Most challenging thing about the job:
The most challenging, but also the most motivating, thing about the job is having to learn and apply the law in so many different ways. As lawyers, we typically practice and get good at one area of the law. As judges, we are required to learn the law and apply it to many different types of cases and fact situations.
Advice to young lawyers:
How you practice law becomes your reputation. Whether it is in court, in pleadings, or during negotiations, no one forgets how you treat people—and every one of these scenarios is an opportunity to let people know who you are as a person and as an attorney.
Favorite type of music:
Hip hop/classical (tie).
Your wellness non-negotiables:
Mountain biking and strength training.
What are you most proud of in life?
The more I learn about how my father grew up, what he went through and how hard things were for him as a Black man, the prouder I am of him. He is an incredibly powerful example of a true survivor and someone who never backed down from any challenge or any person, no matter how difficult.
What makes you smile?
What do you want your legacy on this court to be?
I want the conversation about racial equity to be as common as any other conversation being held by and in the judicial system, in every aspect of the administration of the judicial system. This requires all of us to make every effort to normalize and operationalize the prioritization of equity in ALL areas.
Judge Andrews was appointed to the Pitkin County Court bench in September of 2021. She received her bachelor’s degree from Pennsylvania State University in 2007 and her JD from the University of Colorado Law School in 2012. Judge Andrews worked as a contract attorney at Reilly Pozner, LLP from 2012 to 2013. She was then a lead attorney for the Colorado State Public Defender’s Office in the Second Judicial District from 2013 to 2019. From 2019 up to her appointment, she was a lead attorney at the Colorado State Public Defender’s Office in the Ninth Judicial District.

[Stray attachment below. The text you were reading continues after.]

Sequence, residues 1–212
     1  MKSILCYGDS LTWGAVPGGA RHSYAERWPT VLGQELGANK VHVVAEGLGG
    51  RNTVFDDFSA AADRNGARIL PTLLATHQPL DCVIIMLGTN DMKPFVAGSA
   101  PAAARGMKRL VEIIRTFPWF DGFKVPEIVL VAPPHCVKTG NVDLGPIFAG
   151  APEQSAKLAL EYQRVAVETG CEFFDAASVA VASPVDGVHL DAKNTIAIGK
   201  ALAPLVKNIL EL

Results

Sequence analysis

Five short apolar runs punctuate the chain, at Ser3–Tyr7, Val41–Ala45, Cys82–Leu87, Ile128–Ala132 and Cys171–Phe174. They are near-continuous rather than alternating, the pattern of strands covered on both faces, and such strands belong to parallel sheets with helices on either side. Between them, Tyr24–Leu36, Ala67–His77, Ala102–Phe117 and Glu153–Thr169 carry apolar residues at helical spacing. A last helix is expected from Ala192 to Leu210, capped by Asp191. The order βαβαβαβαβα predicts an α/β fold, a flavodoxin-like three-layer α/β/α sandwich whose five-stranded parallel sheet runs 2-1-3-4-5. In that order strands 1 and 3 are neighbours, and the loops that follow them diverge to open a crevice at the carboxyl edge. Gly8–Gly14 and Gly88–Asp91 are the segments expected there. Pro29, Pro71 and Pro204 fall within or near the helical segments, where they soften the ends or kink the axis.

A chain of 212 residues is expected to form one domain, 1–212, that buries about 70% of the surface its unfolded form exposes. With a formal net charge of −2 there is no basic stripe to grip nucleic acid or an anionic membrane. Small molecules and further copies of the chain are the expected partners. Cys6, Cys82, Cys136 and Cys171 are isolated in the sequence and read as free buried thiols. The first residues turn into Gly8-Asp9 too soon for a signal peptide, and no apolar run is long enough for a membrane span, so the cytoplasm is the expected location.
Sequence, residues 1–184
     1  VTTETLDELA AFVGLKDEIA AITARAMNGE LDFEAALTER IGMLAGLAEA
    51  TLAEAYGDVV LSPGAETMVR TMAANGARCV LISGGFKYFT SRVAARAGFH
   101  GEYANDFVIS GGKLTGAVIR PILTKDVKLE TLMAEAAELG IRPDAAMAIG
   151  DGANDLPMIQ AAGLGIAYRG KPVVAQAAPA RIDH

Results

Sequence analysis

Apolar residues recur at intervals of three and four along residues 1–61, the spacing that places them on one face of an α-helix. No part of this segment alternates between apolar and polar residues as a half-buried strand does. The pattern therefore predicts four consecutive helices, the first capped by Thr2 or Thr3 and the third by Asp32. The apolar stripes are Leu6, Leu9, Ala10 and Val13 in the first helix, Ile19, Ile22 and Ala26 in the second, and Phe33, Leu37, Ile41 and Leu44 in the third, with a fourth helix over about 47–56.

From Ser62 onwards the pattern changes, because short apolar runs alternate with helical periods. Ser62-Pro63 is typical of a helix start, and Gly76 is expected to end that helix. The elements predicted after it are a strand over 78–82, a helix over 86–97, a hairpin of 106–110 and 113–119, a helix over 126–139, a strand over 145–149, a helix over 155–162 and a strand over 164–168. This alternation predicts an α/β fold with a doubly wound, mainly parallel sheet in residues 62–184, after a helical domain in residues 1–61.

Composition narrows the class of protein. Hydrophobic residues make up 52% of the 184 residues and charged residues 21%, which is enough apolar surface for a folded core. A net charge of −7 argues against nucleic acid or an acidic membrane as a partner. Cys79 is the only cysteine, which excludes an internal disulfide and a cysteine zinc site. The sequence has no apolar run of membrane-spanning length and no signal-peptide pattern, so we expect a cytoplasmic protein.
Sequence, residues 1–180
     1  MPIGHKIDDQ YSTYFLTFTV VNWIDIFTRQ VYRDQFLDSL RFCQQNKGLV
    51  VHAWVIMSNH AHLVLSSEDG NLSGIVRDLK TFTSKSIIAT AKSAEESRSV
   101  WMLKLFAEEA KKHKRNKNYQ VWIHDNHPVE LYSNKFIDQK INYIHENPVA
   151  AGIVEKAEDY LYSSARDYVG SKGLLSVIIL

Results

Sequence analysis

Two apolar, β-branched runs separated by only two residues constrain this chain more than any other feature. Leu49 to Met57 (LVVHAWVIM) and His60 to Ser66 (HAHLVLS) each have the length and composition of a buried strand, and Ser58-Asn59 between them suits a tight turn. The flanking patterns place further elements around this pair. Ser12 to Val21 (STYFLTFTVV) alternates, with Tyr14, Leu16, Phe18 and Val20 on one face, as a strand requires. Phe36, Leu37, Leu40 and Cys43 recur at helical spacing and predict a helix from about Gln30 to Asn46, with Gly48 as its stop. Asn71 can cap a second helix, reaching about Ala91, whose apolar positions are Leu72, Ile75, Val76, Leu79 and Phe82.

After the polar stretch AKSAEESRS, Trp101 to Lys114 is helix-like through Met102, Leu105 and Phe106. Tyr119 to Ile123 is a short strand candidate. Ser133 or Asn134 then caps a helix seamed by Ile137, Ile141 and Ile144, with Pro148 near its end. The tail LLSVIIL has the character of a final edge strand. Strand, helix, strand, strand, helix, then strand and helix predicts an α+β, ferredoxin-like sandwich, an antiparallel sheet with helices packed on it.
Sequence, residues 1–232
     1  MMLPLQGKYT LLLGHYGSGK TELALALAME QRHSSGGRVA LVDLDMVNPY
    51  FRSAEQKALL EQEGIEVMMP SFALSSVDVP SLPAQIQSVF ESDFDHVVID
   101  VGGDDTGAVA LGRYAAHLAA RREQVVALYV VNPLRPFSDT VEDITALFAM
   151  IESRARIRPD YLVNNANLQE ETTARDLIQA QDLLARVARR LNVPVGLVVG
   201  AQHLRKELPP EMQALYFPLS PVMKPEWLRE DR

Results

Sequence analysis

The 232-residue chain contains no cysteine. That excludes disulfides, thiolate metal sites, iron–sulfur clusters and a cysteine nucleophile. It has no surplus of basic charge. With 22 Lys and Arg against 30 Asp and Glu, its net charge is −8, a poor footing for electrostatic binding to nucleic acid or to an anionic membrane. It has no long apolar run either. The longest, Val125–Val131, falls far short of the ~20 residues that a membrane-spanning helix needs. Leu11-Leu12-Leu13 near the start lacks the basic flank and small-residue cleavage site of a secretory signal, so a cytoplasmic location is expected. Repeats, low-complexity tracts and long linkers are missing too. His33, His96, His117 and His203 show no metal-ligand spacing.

Advice to young lawyers you wish someone had told you:
Be open to different career paths. If you had told me when I graduated law school that in 10 years I was going to be a judge in Pitkin County, I would never have believed you. This was never the career path I was expecting, but I could not be happier as a judge. The takeaway for me is, when new and wonderful opportunities present themselves, be open and accept the challenge.
Most surprising thing about the job:
The number of temporary protection orders requested for neighbor disputes. While some are certainly serious and merit a temporary protection order, I’ve been surprised by how many people think the court should grant temporary protection orders to stop a neighbor’s dog from barking or going to the bathroom in their yard.
Class you wish you had taken in law school:
Not a class, but I wish I had clerked for a judge. I was under the mistaken belief that clerking was only for those who wanted to go into “big law” or eventually become a judge. Now I see it as an invaluable experience that provides insight into all facets of how the bench and judicial system function.
Class you wish you paid more attention to in law school:
Torts class. I met my husband during torts class, so I think I was a bit distracted.
Biggest differences between your last job and your new job:
As a public defender, I was used to knowing everything about the case and my client. As a judicial officer, I generally know less about the case than everyone else in the room. I also still have a strong impulse to want to directly speak to and engage with the defendant, which is not always appropriate in my new role.
Aspen Art Museum, because it’s a two-minute walk from the courthouse.
What do you like to do for health and wellness?
I stopped playing tennis after high school but picked it up again during the pandemic. Now it’s one of my favorite things to do—at least when the ski lifts aren’t running!